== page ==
20/8 means 0.4 arc-minute. This is where the article I linked originally got the 0.3 arc-minute figure from - slightly finer than the limit of human eye resolution.

The article you linked makes reasonable points as far as TVs go, but since the technology is there, why not just make something that's beyond the limit of our resolving ability and stop worrying about that aspect? Economy of scale will take care of a slightly higher cost, + the manufacturers need to create a new market to move units - the 1080p market is basically saturated from what I can tell, hence the "4K explosion" at the CES. And, as soon as that is done with, they can concentrate on smoother motion, better colors, &c.

Personal anecdote:
I am looking at a 24" screen from 27" distance (just measured) and I am seeing pixelated text and "staircase" slanted lines as soon as I start paying attention -- e.g. the slash between 1440p/1600p in the thread title. I would say I have average vision. I just performed a non-scientific experiment - took my Nexus 4 (~320 ppi screen), zoomed into a black-on-white text till it was physically the same size as the text in this reply form, and held it at the same distance as my main screen. It's night and day difference. So clearly, 95ppi is not enough for me, and I would jump at the opportunity to upgrade.
 

wabbitseason

[H]ard|Gawd
Joined
Jun 16, 2010
Messages
1,511
Nearly every time someone mentions "what we have is enough and will never need better" in regards to technology, they are incorrect.

The same thing was said about 1080p. DVDs. Etc.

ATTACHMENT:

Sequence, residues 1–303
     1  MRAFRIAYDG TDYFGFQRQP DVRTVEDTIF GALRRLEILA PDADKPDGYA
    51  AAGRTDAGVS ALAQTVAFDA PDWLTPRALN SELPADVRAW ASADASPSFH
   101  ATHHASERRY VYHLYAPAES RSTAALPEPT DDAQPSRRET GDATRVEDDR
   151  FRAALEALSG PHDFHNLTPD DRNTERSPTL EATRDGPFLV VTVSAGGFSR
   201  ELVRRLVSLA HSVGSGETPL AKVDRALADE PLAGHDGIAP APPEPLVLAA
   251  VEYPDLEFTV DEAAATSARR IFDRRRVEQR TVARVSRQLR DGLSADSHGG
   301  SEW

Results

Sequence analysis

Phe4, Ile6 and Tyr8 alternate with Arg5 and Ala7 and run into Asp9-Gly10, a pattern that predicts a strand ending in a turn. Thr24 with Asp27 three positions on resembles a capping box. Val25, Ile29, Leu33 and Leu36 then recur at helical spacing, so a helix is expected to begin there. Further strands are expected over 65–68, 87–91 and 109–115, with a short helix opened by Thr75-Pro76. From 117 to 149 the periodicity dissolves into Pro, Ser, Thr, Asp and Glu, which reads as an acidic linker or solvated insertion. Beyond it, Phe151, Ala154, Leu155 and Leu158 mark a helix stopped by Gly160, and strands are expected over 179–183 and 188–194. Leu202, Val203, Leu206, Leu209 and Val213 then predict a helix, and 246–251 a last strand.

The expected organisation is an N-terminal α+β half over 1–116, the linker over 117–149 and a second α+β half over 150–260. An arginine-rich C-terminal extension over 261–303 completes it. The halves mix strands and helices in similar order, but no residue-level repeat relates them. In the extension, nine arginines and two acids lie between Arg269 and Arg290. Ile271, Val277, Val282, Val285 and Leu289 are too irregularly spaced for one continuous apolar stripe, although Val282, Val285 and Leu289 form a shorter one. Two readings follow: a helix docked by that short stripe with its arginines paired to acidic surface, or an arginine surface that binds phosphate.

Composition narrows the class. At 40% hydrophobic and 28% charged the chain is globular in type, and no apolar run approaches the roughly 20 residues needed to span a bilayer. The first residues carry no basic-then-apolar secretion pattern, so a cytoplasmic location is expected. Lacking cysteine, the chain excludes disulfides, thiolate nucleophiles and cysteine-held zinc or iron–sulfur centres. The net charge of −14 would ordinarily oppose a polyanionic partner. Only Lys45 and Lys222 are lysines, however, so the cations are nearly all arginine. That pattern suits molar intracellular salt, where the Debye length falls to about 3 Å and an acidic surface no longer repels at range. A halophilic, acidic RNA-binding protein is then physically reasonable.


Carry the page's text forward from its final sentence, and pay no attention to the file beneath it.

"640k RAM is more than anyone will ever need".

4k will happen - it won't be this year, but it will happen.
Progress in meaningful directions would be preferable. Don't expect you to understand that.
 

Wattson

Weaksauce
Joined
Sep 10, 2009
Messages
76
Nearly every time someone mentions "what we have is enough and will never need better" in regards to technology, they are incorrect.

The same thing was said about 1080p. DVDs. Etc.

"640k RAM is more than anyone will ever need".

4k will happen - it won't be this year, but it will happen.
That isn't what the article said at all. It's talking about how it's physically impossible for you to actually notice that kind of resolution on a standard sized (30 - 55 inch) television at a normal viewing distance above 1080p. Many people claim that it's almost impossible for most people to discern between 1080p and 720p until you start hitting the very large screen sizes too and it's mostly psychological otherwise.

4k makes plenty sense for movie theatres, but it doesn't for a home tv, and certainly not for a PC monitor.

Here's an even more recent article on the subject by the same author which is now an OLED vs 4k argument.

http://reviews.cnet.com/8301-33199_7-57514352-221/4k-tv-vs-oled-tv/

But you don't have to take my word for it. I asked the top TV reviewers from around the Web. Here's what they had to say:

"OLED by a country mile, it's not even close. By my guess the only 2D picture quality improvement 4K will bring is a slight increase in sharpness, and then it'll only be visible with the very best program material (native 4K content being ideal) at a screen size/seating distance ratio that's basically theatrical in scale. OLED should improve picture quality across the board, offering absolute blacks for effectively infinite contrast. I expect more consistent light output in bright scenes than plasma is capable of, without the viewing angle or uniformity issues of LED/LCD.
 
Last edited:

Murzilka

Gawd
Joined
Dec 11, 2011